The Brain Region That Shouldn't Be There
Before neuroscientists discovered the PCC, no theory predicted its existence.
Posted August 6, 2011
In the Victorian era the map of Africa was blank and the prospect of mapping its interior lured the most adventurous men of the day. If you are of that frame of mind now, I would recommend exploring the dark interior of the brain.
The parts of the brain we understand best are on its surface. Your standard textbook picture of the brain shows its exterior structures and functions - visual cortex (vision), parietal lobe (attention and action planning), motor cortex (movement), temporal lobe (complex vision and audition), and so on.
But if you slice the brain down the middle like an avocado, you'll see another half: subgenual cingulum (function unknown), midcingulum (function unknown), medial parietal (function unknown), retrosplenium (function unknown), and posterior cingulate cortex (function truly unknown).
That last one is the most mysterious so it's my favorite. The posterior cingulate cortex (PCC) has been called the 'dark energy of the brain.' It consumes more calories than any other part of the brain (and the brain itself consumes a lot - 20% of the calories you eat). And we have no idea where that energy goes.
It's the Cheshire Cat of brain areas. If you bring someone into the brain scanner, and have them do a task - any task - it turns off (that is, its neurons stop firing). Then, during that delay between trials, it turns on again, only to turn off when the task restarts.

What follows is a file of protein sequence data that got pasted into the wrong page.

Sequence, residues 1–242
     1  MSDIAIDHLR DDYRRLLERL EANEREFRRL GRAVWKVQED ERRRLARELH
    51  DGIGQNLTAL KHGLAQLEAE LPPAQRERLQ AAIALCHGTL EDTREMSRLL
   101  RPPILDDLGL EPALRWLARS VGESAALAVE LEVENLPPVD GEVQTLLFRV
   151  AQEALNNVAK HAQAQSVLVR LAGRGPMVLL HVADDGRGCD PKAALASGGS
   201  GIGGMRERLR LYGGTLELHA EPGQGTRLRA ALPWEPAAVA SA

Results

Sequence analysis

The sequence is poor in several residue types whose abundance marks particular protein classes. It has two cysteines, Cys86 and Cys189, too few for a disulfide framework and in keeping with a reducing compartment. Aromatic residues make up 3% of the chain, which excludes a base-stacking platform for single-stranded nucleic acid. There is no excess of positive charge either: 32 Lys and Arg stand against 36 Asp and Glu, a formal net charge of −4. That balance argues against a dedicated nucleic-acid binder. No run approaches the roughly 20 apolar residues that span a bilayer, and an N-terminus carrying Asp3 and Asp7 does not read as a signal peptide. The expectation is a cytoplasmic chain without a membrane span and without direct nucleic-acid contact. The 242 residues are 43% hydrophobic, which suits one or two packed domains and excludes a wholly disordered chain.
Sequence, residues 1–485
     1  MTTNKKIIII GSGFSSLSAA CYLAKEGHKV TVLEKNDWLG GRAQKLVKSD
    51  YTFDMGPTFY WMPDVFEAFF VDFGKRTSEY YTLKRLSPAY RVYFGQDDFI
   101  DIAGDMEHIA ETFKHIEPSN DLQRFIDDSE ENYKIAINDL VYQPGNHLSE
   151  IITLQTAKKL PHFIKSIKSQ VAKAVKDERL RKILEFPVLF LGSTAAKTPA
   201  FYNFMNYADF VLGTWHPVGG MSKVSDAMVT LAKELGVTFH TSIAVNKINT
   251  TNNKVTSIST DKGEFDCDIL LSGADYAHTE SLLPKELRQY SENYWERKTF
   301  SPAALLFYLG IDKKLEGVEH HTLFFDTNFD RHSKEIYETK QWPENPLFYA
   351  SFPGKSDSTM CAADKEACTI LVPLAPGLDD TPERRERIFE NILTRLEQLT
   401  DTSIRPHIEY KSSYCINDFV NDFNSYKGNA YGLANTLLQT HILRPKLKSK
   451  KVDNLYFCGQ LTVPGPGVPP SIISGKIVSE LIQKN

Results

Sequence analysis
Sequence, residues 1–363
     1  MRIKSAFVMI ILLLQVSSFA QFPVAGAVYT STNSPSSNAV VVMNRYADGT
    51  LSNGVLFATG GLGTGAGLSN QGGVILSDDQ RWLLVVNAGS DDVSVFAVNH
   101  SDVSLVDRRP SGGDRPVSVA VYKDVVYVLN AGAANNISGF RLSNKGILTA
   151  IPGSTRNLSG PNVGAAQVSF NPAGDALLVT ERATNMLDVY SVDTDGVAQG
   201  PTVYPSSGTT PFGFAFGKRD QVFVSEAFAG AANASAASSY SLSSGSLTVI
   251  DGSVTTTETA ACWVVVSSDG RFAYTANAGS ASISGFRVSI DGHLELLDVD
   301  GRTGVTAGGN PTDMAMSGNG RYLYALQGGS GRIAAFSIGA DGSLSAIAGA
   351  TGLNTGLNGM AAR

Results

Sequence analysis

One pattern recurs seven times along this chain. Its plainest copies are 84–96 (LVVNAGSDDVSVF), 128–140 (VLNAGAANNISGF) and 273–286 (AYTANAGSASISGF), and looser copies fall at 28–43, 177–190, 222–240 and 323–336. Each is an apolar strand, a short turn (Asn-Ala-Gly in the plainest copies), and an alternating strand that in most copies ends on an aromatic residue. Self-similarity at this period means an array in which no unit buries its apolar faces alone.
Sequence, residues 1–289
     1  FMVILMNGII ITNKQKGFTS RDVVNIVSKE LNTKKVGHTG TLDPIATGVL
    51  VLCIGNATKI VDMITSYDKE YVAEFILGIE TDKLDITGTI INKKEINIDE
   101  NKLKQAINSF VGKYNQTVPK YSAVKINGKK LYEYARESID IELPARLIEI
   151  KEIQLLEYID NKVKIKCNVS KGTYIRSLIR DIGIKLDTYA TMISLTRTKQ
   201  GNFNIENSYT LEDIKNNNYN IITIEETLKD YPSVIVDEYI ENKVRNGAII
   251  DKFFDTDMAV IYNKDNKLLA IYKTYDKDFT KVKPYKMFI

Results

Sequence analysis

And that's about all we know for sure.
Often, we can look patients with localized brain lesions and try to guess an area's function based on the deficits it produces. This is how neuroscientists recognized the brain areas critical for producing and understanding speech. Unfortunately, the PCC is a rare target for strokes.
It has been suggestively linked to emotion, memory, consciousness, attentional control, planning, retrospection... pretty much all the things our minds do. Serious scientists in esteemed journals have argued - with compelling evidence - that it governs 'mind wandering'. In the absence of any compelling theory, it has been called a 'default mode' area - meaning it is active and consuming large amounts of energy by default when are doing nothing in particular, and deactivated otherwise.
Before neuroscientists discovered the PCC, no theory predicted its existence. It's not hard to see why - it doesn't seem like we need a brain area consumes a lot of energy, and, when we need brain power to do something, it shuts down. When you are doing a task in the lab and it fails to shut down properly, those trials are the ones when you are more likely to make errors on the task.
In the 19th century, men in clubs would sit in their leather chairs with scotch and pipes, and speculate on the source of the Nile. There was no information so there was no shortage of theories. A mountain range larger than the Himalayas, enormous underground springs, primordial caves. Today, the PCC occupies the same role in the brain sciences. Neuroscientists sit around in labs and at conferences and make wild guesses, fumbling around in the dark. Your guess is just as good as ours.
We sometimes act like the brain is fully mapped out, and there is nothing new to see, but there are large swathes where we haven't even gotten past step one.